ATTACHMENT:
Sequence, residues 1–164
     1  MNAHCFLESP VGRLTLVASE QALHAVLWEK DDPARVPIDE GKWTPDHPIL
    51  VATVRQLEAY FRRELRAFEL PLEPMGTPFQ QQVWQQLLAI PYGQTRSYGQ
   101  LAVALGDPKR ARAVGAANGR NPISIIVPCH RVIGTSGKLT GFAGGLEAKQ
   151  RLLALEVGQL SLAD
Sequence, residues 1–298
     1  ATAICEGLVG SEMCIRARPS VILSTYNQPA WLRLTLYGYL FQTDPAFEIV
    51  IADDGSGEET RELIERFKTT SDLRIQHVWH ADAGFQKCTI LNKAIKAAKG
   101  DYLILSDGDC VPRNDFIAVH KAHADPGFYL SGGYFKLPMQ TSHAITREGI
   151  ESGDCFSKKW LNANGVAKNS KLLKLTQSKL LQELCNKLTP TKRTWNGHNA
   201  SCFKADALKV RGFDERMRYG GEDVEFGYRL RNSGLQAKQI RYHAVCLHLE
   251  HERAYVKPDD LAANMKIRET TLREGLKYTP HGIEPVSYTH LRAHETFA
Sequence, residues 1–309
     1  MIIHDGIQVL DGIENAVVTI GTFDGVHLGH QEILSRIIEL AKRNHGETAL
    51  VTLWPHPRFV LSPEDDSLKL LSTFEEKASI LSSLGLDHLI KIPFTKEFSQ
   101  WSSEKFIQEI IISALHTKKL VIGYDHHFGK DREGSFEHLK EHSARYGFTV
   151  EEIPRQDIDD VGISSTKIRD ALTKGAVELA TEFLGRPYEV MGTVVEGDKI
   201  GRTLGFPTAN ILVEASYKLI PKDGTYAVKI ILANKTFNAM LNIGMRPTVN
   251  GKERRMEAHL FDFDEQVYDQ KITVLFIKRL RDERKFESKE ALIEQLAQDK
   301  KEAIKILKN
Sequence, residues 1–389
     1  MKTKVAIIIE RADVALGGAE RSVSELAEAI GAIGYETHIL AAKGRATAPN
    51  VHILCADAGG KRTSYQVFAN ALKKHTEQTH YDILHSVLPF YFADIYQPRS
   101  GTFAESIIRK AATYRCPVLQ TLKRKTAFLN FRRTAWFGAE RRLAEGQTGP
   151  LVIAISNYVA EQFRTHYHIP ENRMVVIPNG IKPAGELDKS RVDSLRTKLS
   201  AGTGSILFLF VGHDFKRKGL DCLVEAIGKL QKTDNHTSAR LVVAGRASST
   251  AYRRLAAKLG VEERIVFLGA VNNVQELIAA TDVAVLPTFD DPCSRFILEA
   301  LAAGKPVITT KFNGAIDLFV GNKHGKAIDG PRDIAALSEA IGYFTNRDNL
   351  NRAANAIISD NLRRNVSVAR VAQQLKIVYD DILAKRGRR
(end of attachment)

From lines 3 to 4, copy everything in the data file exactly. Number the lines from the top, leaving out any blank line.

    51  VATVRQLEAY FRRELRAFEL PLEPMGTPFQ QQVWQQLLAI PYGQTRSYGQ
   101  LAVALGDPKR ARAVGAANGR NPISIIVPCH RVIGTSGKLT GFAGGLEAKQ